In Gulliver's Travels Jonathan Swift gave a brief but astronomically accurate description of the two moons of Mars. Writing one hundred and fifty years before Asaph Hall at the US Naval Observatory established the existence of such moons, Swift also described the orbit of these satellites with seemingly uncanny precision. For those who want to believe that the truth is out there, Swift's cosmological insights kickstarted a conspiratorial trail of investigative speculation that the master satirist was either a Martian or had received extraterrestrial messages from Mars. With at least one of the inky tentacles of Lake's enterprising imagination still probing such alien interzones, I would urge any dedicated browser of the esoteric shelves of bookshops on this or any neighbouring planet to rush to the BFI gallery before the next Nutcon is announced. As for me, this summer I'm going to track down that bloody Roundhead and introduce him to the world according to Kirk.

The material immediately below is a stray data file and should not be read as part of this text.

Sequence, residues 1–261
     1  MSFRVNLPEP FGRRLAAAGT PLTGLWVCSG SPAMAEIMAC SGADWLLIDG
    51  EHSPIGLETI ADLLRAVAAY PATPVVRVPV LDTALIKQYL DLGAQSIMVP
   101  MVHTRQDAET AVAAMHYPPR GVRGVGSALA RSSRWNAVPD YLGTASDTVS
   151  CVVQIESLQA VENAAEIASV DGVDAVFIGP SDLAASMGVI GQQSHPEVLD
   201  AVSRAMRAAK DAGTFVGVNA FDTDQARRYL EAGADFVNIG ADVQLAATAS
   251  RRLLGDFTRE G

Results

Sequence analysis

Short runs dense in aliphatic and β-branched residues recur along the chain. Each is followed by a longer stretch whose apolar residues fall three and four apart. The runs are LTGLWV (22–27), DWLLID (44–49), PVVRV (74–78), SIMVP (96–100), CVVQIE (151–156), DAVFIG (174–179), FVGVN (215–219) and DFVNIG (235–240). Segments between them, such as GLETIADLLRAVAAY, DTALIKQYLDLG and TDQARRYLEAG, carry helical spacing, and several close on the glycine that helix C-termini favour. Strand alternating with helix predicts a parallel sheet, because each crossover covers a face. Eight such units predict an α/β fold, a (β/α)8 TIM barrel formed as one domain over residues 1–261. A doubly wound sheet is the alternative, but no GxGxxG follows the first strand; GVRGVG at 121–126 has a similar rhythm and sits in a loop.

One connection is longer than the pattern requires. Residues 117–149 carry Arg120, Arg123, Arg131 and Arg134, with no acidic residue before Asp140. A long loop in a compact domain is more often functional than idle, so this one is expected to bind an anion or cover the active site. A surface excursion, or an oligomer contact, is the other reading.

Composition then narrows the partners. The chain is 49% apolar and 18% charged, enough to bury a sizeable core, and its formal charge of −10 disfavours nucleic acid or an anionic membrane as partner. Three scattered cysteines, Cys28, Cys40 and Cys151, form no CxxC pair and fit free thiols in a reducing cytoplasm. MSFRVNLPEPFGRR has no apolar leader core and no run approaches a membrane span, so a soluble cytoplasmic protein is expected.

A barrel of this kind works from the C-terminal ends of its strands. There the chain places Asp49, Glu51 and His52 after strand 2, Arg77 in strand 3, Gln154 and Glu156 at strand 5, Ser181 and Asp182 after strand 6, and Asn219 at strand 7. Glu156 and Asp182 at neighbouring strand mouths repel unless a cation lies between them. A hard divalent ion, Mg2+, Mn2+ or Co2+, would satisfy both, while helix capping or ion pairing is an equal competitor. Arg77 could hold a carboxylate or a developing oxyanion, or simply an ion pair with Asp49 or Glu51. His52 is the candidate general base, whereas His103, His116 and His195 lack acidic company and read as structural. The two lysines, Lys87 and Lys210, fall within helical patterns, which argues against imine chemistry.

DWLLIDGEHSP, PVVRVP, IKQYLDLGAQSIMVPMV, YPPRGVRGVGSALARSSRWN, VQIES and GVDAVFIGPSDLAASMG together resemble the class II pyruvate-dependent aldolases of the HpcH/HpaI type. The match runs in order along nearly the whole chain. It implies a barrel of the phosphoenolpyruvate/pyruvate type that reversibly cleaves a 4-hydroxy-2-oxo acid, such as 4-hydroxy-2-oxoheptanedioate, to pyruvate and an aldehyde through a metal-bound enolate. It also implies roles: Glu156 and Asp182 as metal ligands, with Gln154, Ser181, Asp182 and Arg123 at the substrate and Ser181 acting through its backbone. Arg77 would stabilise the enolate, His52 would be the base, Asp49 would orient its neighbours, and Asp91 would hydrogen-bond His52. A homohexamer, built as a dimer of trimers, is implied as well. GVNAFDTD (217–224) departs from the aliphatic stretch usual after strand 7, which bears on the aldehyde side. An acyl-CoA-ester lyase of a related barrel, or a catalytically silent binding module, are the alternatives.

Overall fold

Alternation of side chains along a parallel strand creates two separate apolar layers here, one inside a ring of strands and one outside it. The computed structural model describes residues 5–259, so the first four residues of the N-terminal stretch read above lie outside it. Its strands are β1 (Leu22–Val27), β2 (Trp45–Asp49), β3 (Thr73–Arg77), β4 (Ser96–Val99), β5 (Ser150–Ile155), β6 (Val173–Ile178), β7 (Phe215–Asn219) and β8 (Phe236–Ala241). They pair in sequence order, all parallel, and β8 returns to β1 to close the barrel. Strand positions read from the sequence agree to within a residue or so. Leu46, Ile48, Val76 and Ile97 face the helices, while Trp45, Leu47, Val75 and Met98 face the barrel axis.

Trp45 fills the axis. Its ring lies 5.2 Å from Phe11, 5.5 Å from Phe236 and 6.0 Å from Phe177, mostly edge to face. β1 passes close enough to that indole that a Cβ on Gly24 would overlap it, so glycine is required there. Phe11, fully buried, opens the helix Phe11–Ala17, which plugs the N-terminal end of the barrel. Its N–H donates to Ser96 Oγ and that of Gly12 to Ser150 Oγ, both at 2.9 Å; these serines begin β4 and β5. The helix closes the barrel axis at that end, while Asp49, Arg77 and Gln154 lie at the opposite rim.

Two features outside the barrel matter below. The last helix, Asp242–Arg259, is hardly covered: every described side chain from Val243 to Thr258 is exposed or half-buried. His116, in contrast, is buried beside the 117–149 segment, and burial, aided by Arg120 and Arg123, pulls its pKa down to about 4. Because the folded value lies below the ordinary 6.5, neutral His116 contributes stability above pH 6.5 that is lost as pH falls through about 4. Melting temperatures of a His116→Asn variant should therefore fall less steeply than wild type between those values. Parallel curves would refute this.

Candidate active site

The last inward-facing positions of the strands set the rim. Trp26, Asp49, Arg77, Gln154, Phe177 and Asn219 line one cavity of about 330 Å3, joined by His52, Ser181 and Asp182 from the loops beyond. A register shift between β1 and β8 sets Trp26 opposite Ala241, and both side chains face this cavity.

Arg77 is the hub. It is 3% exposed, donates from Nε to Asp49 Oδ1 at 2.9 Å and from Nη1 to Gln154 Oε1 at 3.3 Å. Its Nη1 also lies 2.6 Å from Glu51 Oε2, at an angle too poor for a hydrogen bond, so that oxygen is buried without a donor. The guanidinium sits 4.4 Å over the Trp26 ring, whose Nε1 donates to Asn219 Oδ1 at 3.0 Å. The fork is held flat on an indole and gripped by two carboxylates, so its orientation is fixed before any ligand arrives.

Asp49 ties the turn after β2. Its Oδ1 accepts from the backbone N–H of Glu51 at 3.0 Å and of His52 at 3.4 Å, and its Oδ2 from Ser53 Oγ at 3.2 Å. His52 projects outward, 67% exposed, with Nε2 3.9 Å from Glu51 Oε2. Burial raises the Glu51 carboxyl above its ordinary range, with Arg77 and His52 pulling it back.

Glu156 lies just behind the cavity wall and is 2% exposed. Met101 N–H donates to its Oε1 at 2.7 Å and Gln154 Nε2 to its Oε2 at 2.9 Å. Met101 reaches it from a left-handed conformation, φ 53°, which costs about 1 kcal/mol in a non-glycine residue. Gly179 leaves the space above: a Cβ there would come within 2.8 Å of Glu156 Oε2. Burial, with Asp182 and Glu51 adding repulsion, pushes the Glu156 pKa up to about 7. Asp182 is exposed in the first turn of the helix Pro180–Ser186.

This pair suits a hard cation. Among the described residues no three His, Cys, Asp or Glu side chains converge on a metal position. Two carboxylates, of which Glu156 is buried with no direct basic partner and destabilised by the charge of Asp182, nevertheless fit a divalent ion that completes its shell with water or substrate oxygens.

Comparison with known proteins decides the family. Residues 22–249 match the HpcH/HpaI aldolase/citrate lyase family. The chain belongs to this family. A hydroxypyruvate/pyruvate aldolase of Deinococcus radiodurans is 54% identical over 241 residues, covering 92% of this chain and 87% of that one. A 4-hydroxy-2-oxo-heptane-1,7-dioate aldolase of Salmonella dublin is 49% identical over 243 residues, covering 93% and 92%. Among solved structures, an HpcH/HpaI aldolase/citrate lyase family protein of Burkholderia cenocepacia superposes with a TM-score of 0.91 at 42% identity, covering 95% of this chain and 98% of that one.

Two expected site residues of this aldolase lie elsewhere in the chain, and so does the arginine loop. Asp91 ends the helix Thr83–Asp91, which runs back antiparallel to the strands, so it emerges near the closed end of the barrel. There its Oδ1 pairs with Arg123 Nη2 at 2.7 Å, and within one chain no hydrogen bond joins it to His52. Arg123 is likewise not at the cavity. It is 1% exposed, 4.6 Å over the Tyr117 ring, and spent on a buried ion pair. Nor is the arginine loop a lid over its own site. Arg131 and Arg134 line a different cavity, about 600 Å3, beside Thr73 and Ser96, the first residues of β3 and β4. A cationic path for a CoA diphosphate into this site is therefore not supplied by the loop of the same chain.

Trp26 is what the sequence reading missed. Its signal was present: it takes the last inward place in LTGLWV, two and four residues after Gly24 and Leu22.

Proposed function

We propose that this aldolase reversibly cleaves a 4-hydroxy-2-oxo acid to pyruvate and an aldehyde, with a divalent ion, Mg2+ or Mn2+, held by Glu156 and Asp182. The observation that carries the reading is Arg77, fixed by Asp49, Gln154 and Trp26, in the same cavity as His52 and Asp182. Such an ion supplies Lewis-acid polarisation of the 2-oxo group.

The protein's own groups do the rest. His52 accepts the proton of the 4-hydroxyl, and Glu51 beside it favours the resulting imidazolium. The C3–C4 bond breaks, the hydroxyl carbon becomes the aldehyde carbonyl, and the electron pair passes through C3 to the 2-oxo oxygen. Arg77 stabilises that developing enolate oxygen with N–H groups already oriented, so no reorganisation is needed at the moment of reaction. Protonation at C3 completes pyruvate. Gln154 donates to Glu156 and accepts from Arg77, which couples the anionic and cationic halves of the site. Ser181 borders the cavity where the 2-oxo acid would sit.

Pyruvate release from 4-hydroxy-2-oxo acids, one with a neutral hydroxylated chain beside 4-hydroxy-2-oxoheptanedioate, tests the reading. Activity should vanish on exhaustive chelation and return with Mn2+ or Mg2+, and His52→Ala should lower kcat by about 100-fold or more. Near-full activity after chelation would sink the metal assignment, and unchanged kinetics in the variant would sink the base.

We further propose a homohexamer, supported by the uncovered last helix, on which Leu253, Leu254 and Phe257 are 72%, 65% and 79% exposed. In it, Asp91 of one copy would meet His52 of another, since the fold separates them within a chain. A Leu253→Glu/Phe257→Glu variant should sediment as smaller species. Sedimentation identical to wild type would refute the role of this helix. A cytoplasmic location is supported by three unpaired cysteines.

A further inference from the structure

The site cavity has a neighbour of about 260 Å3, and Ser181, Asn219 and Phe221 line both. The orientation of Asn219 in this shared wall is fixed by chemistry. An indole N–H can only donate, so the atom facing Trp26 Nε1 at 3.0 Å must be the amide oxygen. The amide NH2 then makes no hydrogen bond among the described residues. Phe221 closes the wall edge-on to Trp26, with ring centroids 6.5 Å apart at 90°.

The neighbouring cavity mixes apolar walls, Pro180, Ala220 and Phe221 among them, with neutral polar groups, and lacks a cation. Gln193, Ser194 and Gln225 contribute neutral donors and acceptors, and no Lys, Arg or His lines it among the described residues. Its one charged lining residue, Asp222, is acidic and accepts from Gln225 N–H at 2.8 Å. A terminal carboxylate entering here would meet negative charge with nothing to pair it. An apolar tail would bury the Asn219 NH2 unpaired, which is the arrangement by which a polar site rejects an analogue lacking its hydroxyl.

'Radio Mania: An Abandoned Work' will continue to destabilize fragile minds at the BFI Southbank Gallery in London until 11 July 2009.